Summary: The life of a seaman is full of peril and songs and good drink. But it's also downright boring . . . unless one has the right mindset.
Rating: PG
Pairing: Not really a pair, but if it were, it'd be Jack/Norrington
Disclaimer: Disney owns these characters and the setting in which they live.
Notes: The past few fics with this daring duo have been about getting the character voices. This is an attempt to find character mindsets. Hold on, friends--eventually the two will merge. =)

The past few fics with this daring duo have been about getting the character voices. This is an attempt to find character mindsets. Hold on, friends--eventually the two will merge. =)

No Ties, No Distractions

By gileonnen

Pirates liked to sing songs about the excitement of their trade. They serenaded the noble art of terrifying merchants out of their wits and slicing through people who had been in the way at the wrong time, and wrote odes to the sheer joy of ravishing a woman who probably would've said "yes" if they'd bothered to ask.

These songs were intended to drown out the mind-numbing boredom that comprised almost nine-tenths of the pirate's life.

There were other ways, and of course these had their own songs. Drinking, for one. A seaman could do worse than to lie on deck, mind hazed with rum, when the wind was calm and the ocean was flat.

The act of singing was another way in and of itself. After weeks or months at sea, a crew got to know all of the verses to all of the songs by heart, and if a man had a pennywhistle or a drum about him the song could get interesting indeed. When the waves were calm, there might even be dancing.

It was best not to drink and then dance--while storms could make a deck buck and sway, a belly full of alcohol had much the same effect.

But if one left out the pillaging and plundering and ravaging and shore leave, it was a bloody boring way to make a living.

That is, unless the one making the living was Jack Sparrow.

He lived with the absolute certainty that everything he had would be taken from him and that everything he wanted, he'd get. So far, he hadn't been proved wrong. He'd spent a good few decades having an eventful life, and he would have laughed if asked whether he wanted to settle down.

The life of a pirate, eventful or not, was about what he wanted at the moment. Jack didn't make plans more than a few days in advance, because it took next to no time to change course.

Always wanted to go to Singapore? Spin the wheel, boy, and turn this ship to the east! 'Round the tip of Africa and through the Indian Ocean, and there you are!

Dream of wealth and riches? When there's a ship to be found, take it!

On land, people tied themselves to things to keep steady. Men had respectable jobs and built big fancy houses and got married and had packs of children. They trussed themselves in morals. They lashed themselves to life as tightly as they could be bound.

But a pirate had no need for ties.

Jack stood at the stern and watched the white sails in the distance. He shook his head and chuckled.

A pirate has no need for ties . . . but life would be boring if he never took the opportunity to tie someone else.


The British built their warships for elegance and speed. The men slept in bunks set into the walls, and even the captain's cabin was little larger than a decent-sized privy. The hold was full of ammunition and dried food; the galley was the navy's one concession to luxury.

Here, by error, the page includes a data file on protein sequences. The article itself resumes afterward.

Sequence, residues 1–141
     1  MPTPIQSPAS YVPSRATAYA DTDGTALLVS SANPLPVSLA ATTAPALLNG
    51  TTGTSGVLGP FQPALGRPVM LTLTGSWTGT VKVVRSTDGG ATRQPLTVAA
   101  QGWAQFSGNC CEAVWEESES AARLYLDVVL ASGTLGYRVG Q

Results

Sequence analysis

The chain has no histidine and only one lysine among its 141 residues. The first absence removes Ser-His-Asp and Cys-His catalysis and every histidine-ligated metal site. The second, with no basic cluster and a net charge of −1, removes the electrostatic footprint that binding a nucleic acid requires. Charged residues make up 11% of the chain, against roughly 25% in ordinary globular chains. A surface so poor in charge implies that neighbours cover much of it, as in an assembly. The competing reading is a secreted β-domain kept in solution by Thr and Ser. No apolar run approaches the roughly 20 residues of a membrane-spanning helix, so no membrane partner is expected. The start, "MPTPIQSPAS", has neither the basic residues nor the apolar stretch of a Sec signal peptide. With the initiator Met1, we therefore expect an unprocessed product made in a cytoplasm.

Most mutinies occur on ships without proper cookware.

It was very difficult to get more British than the British navy. The lot of them knew exactly what the phrase "stiff upper lip" entailed, and they all applied the expression. They kept their uniforms as clean as was possible in the middle of the ocean, and while the pirates were off drinking rum, the British navy warmed its hands on hot tea.

If they kept on being busy and straightforward and British, the navy assumed, the men would have no time to be bored out of their skulls.

The navy also had its songs, and the men knew the verses as well as any. But there was always a man with a drum and usually one with a flute as well, and the cook knew the musical value of the triangle.

When the navy was very far away from land indeed, when the men had relaxed enough to put off their stifling coats and wander the decks without their boots, the men sometimes danced. They felt properly contrite about it later, but dance they did.

If one conceded the fighting and business and stiff upper lips and hot tea, the navy was almost as boring as piracy.

Commodore John Norrington would be rather shocked to hear it put that way, but he had been in the navy long enough to ingrain the manner of it into his personality.

He had spent his life being a very practical and straightforward man. He simply did not see the broad expanses of calm water between himself and his goal because his eyes were forever fixed on whatever the goal happened to be. Commodore Norrington's mind operated almost a day ahead of his circumstances when he felt particularly relaxed.

It was a very bad idea indeed to attempt to budge him from a set course.

On the sea, most sailors chose to think about now because thinking about later numbed the mind. They didn't want to anticipate the weather that could spring out of nowhere--or worse, continue indefinitely. They liked their card games and songs and busy work because it kept their minds off of what was coming next.

But he didn't need that distraction.

John Norrington held a spyglass to his eye and peered over the prow. He could almost make out the face of the man who was leaning over the stern of the other ship, but on a ship with black sails, there were limited possibilities. He smiled in satisfaction.

He didn't need a distraction, but he'd developed a knack for being one.

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